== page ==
I got over the unfair award situation, reminded myself that this race was for an awesome cause, and took the advice I gave the ladies. I was feeling good and just wanted to get in a good race! Plus, I was excited to see how the “No Ipod” situation was going to go. So, the bell rang and off we all went! There were no stand-out speedy ladies at the beginning, and I thought maybe I had gone out too fast. But, I glanced at my Garmin and was at about a 6:30 pace around the first .25 mile. I got jittery and picked it up to 6:10 and stayed there. I noticed right away the hills, but felt like I could push them…they didn’t seem super significant (YET!). I crossed the 1 mile marker around 6:12, and was in close proximity with “Hot Shot.” I was shocked that he, and some other gentlemen, were running rather conservatively. I passed him. And then…a SUPER huge hill that was about .5 miles long (or at least it seemed) came in near sight. I was so bummed, and felt like my chances of PR’ing were pretty much gone. I trudged up the hill, breathing heavy and refusing to look at the terrible pace displayed on my Garmin. “Hot Shot” and a few boys passed me. Then, a girl popped up to my side. She also passed me, which was the piece of motivation I needed to boost my attitude back where it needed to be. As soon as I got up that awful hill, I pushed past her. I gave all that I had at the moment and went strong and fast. I claimed back 1st place female, and decided to make that my goal to the finish. I ignored my Garmin, and decided I was going to run by feel. I flew on the downhills to make up for the time lost on the uphills, which I think is what ultimately saved me. The men on the course that I passed were encouraging and supportive, which TOTALLY boosted my confidence. It has been a mistake to wear headphones for all of the races I’ve run…I never would have known of their support had I been wearing them. Not wearing headphones reminded me once again why I love running so much: EVERYONE is SO nice and supportive!! I also passed “Hot Shot,” who gave me an exhausted, “Awesome job!” VERY COOL, I have to say. I then crossed the mile 2 marker, and the guy standing there informed me that I was the first female with a big gap behind me. I kept focused and wanted a strong finish, regardless of how big the gap was. The last mile was tough, and once I got to mile 3 I glanced at my Garmin. It said I was at mile 2.85? I’m not sure if the dramatic uphills and downhills threw it off, but I wasn’t sweating it (well, literally OF COURSE I was hehe). The clock turned 20 minutes, and I pushed through the chute and was done. FIRST OVERALL FEMALE!!! WOOP!!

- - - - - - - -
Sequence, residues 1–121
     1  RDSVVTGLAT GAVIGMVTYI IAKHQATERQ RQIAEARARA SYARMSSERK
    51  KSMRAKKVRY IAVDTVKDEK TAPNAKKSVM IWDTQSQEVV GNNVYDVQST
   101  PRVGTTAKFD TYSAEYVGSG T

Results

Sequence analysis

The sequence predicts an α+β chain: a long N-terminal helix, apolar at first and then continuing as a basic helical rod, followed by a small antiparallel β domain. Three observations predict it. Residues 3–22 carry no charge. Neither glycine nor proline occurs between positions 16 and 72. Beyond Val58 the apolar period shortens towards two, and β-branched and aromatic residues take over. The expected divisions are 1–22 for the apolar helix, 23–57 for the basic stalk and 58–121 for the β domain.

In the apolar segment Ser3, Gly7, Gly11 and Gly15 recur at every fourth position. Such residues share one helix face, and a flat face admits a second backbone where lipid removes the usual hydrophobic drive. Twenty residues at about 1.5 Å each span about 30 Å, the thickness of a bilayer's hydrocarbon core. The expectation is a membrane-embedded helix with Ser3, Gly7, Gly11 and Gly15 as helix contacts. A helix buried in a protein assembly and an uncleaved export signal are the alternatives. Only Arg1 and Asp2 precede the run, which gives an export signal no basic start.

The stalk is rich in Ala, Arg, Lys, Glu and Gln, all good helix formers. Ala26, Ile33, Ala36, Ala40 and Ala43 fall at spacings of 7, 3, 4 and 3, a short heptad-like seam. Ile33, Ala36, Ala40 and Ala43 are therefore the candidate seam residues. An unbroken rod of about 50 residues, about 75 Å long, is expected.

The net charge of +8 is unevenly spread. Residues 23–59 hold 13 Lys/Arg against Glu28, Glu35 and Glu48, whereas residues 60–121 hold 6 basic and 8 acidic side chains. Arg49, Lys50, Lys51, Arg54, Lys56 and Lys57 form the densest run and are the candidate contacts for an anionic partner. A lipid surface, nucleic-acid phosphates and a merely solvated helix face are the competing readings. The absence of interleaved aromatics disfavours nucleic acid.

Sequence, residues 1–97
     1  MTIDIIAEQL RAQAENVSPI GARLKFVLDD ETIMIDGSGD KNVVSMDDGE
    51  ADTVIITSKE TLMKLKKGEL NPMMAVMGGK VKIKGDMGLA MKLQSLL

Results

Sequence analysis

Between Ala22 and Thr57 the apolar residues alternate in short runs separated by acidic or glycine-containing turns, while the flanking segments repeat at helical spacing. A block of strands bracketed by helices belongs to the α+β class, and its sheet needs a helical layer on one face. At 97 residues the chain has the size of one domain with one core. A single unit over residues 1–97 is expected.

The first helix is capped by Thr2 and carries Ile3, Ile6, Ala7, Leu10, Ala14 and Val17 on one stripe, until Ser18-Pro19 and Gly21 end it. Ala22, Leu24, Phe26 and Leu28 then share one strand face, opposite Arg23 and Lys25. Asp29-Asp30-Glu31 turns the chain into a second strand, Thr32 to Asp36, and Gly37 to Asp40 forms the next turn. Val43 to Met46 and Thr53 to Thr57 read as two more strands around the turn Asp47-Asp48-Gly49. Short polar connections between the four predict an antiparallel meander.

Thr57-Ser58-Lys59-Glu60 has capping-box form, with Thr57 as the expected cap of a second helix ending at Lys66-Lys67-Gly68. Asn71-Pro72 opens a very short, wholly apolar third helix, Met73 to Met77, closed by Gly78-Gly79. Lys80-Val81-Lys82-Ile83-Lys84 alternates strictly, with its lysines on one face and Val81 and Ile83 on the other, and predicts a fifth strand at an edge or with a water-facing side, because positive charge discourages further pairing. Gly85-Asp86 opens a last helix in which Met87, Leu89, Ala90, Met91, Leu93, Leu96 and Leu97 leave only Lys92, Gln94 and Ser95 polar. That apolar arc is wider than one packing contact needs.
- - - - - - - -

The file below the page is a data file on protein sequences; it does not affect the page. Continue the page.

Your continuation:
I did a little cool down with some stretching and hung out for the awards. The Hermes guy announced my time at 19:34 (I think?) …but I swear the clock said 20 minutes and change? Since my Garmin was off, I didn’t stop it until after my cool down so there’s no way of verifying my exact time on my own (it won’t load data onto my computer for some reason). So, I’m waiting to see the official results and to see if he made a mistake announcing my time. I do know for certain I was first, but I’m not so sure about 19:34…I’ll take it though!!! :-) Plus, I want to see where I rank against the boys!!
Tomorrow, I’ll be heading to the Tow Path for 13 miles. I can’t wait to get in a good long run!!
I’ll finish my blog entry today with an amazingly inspirational quote by Steve Prefontaine: “A lot of people run a race to see who is fastest. I run to see who has the most guts, who can punish himself into exhausting pace, and then at the end, punish himself even more.” I live by this! :-)